The killer, hiding in the attic, opened fire Monday morning and took the life of a man who showed up to work early, his uniform starched stiff and his shoes shined bright. He shot a cop who wore his seat belt, filed his reports on time and kept his Glock clean and ready because he knew, like he knew his own three children, that in police work, death can come quick.
Jeffrey Yaslowitz, 39, was one of two officers killed Monday as police stumbled into a shoot-out with a wanted criminal. He is survived by his wife, Lorraine, 40, and his children: Caleb, 12; Haylie, 8; and Calen, 5.
He was on his way home after his night shift with his police dog Ace when he responded to a call for backup at a house on 28th Avenue S in St. Petersburg.
It was like him to go. Just flip through his personnel file down at the police station.
2009: "He was always ready and willing to perform any task asked of him," a supervisor wrote, "and was quick to volunteer to assist others."
2007: "Officer Yaslowitz is the consummate team player."
2002: "He is viewed as an unofficial leader by those with whom he works."
Or talk to his neighbor, Herbert Kane, a retiree who lives across the street in a northwest Hillsborough suburb.
"He's a good friend. One of the best people I ever met."
The night before he died, Yaslowitz helped his neighbor haul new furniture inside.
"He was a great guy, I'll tell you," said Kane, 77. "A great father, too, and a great husband. I never heard him even argue, ever. They were a great family and I'm just sick about it."
Yaslowitz was born in Mount Kisco, N.Y., and spent part of his childhood in Poughkeepsie, N.Y., before his family moved south in the mid 1980s. He graduated from Northside Christian School in St. Petersburg, where he played wide receiver and defensive back for the football team his senior year, in 1989, even though he was 5 feet 5 and weighed 132 pounds.
He was polite and respectful as a boy. He always said, "Hello, Mr. Sandbergen," to Bob Sandbergen, 70, who lived across from Yaslowitz's family for 20 years in Clearwater. "He was just a gentleman at a young age," Sandbergen said.
He went to Palm Beach Atlantic College, where he studied subjects like adolescent psychology, leadership and psychology of man, sprinkled with Bible classes. He graduated with a degree in psychology in 1993.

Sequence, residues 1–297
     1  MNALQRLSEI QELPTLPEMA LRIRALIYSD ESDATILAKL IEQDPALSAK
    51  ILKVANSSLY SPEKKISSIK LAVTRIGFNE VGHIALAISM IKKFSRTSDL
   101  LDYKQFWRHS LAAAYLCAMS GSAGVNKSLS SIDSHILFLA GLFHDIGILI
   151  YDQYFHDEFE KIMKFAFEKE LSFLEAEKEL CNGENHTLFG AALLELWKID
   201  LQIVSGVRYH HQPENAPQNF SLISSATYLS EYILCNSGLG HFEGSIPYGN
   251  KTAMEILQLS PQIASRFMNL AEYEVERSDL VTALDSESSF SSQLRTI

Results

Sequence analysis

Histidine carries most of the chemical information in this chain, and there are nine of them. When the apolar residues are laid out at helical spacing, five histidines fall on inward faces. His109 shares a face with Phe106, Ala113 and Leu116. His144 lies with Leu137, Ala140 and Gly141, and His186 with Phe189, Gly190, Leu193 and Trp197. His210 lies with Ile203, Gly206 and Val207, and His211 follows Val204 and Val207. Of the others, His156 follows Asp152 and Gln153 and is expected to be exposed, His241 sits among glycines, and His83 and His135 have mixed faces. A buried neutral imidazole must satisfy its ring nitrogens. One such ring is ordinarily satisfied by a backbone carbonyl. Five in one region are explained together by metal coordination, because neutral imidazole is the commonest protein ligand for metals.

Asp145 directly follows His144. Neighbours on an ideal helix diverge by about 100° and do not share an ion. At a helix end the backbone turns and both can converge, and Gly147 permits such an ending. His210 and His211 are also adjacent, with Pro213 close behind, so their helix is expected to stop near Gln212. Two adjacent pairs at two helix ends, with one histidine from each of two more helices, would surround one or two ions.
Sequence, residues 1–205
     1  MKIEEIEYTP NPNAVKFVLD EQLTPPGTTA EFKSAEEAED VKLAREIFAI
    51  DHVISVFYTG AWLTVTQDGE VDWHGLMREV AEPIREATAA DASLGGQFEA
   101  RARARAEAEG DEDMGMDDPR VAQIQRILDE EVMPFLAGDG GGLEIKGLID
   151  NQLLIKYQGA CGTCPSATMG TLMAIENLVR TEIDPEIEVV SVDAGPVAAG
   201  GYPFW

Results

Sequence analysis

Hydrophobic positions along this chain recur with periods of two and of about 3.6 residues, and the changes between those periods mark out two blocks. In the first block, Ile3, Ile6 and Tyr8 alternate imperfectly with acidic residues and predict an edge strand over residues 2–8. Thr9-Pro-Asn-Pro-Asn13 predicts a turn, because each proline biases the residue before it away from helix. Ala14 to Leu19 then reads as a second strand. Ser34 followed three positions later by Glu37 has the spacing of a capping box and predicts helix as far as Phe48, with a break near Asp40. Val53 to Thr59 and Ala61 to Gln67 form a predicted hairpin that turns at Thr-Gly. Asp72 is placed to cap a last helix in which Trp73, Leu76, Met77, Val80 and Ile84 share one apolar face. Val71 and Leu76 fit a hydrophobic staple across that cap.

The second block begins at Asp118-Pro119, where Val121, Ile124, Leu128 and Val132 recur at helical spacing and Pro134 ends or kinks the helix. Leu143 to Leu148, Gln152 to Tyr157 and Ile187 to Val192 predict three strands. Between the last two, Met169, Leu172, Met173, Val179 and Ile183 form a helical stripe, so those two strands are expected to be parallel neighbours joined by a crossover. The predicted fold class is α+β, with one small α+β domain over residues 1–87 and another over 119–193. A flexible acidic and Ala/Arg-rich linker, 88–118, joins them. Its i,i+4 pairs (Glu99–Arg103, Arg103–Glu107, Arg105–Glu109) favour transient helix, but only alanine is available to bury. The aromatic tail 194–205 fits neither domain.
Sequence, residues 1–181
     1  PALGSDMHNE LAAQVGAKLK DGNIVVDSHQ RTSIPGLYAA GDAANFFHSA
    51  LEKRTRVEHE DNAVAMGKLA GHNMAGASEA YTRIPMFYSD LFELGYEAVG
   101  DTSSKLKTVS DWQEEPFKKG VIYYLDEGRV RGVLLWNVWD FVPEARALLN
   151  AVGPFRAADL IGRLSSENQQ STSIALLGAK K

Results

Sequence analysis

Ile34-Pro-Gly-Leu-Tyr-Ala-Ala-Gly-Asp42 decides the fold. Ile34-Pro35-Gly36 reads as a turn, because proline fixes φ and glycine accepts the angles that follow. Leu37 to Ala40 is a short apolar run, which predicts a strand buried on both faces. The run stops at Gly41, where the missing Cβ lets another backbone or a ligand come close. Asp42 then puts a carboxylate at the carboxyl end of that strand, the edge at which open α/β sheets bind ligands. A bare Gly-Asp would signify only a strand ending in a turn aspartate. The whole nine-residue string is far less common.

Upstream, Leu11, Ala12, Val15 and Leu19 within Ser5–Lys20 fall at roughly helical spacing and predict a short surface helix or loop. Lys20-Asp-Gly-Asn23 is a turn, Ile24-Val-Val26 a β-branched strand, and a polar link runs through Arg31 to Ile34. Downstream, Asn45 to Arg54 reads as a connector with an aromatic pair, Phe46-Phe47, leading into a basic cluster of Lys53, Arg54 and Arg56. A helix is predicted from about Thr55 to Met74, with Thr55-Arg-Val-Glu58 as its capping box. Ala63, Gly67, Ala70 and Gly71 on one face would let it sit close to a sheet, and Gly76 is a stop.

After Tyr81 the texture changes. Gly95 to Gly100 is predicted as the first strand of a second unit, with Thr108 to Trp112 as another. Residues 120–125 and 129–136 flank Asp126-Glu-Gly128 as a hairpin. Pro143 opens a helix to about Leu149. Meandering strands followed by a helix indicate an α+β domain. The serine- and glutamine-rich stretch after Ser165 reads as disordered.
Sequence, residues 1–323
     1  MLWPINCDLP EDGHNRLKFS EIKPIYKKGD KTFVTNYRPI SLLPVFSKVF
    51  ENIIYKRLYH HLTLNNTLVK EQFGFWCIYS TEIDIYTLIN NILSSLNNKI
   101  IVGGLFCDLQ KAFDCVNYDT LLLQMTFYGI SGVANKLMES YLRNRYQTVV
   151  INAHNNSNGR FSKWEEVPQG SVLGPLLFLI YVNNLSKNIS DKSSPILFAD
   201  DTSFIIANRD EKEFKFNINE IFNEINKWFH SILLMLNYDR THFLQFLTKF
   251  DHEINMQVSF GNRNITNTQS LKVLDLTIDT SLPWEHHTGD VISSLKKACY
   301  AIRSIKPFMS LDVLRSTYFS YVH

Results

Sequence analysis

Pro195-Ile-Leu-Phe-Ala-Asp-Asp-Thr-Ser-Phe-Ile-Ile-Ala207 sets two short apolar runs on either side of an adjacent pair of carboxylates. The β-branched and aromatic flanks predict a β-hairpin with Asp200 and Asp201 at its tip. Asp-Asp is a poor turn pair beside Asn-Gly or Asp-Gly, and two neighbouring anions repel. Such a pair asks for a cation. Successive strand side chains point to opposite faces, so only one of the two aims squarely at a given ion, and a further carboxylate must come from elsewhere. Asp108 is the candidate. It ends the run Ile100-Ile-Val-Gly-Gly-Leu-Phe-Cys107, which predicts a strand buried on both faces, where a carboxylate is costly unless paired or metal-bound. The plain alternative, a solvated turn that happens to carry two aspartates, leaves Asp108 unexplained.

That was the same year he married Lorraine, who became a kindergarten teacher at Forest Lakes Elementary in Oldsmar.
He worked at Integrated Health Services, Camelot Care Services and the YMCA of Bardmoor in Largo, but he wanted something else.
"He spoke about being a cop many times since high school," his wife told a background investigator when Yaslowitz applied to the St. Petersburg Police Department in 1999. He "doesn't like sitting behind a desk all day."
In 11 years as an officer, Yaslowitz held guns on armed criminals and talked down a despondent drunk hiding a .38-caliber revolver.
In March 2002, he and another cop were investigating a burglary. They heard a dozen gunshots. They took cover and heard more shots, then saw three people running. They chased the suspects and cornered one. Yaslowitz drew his weapon as his partner searched the suspect. They found a gun and ammo in his pants. Down the street they found a dead man in a car.
Five years later, it was his attention to detail that prompted the arrest of a hulking 290-pound teen who allegedly attacked and raped a jogger in the Old Southeast.
Yaslowitz climbed from the patrol unit to the street crimes unit, where he and his colleagues one year netted 1,543 arrests and seized $113,072 in drug money, 84 vehicles, 31 pounds of marijuana and 3.94 pounds of cocaine.
Two years ago he jumped to the 12-member specialized canine unit, his supervisors wrote in his personnel file, because he was calm and collected. Year after year he was honored for assisting in the execution of high-risk search warrants.
One woman called the police department to say she appreciated Yaslowitz's "concerned and caring demeanor" while handling a brawl her grandson was involved in. Another wrote to say Yaslowitz had tracked down her stolen bicycle.
William and Baerbel Kavanaugh were driving near Roosevelt and Gandy when someone blew a light and struck their car. Baerbel and her dog were ejected. Yaslowitz and the other officers on scene found the dog in the woods. They drove to Bayfront Medical Center to tell the couple their dog was safe and to return William's wallet and his wife's pocketbook.
"They went above the call of duty," Kavanaugh wrote in a letter to the police chief.
Monday morning, Yaslowitz chose to help.
Monday afternoon, the suspect dead, the house a pile of rubble, the police chief held Yaslowitz's gold wedding band in his hand back at the station. He opened his palm and studied it and gave Yaslowitz one more evaluation.
"He excelled in his duty as a police officer."
Times staff writers Leonora LaPeter Anton, Jack Nicas and Craig Pittman and researcher Shirl Kennedy contributed to this report. Reach Ben Montgomery at firstname.lastname@example.org or (727) 893-8650.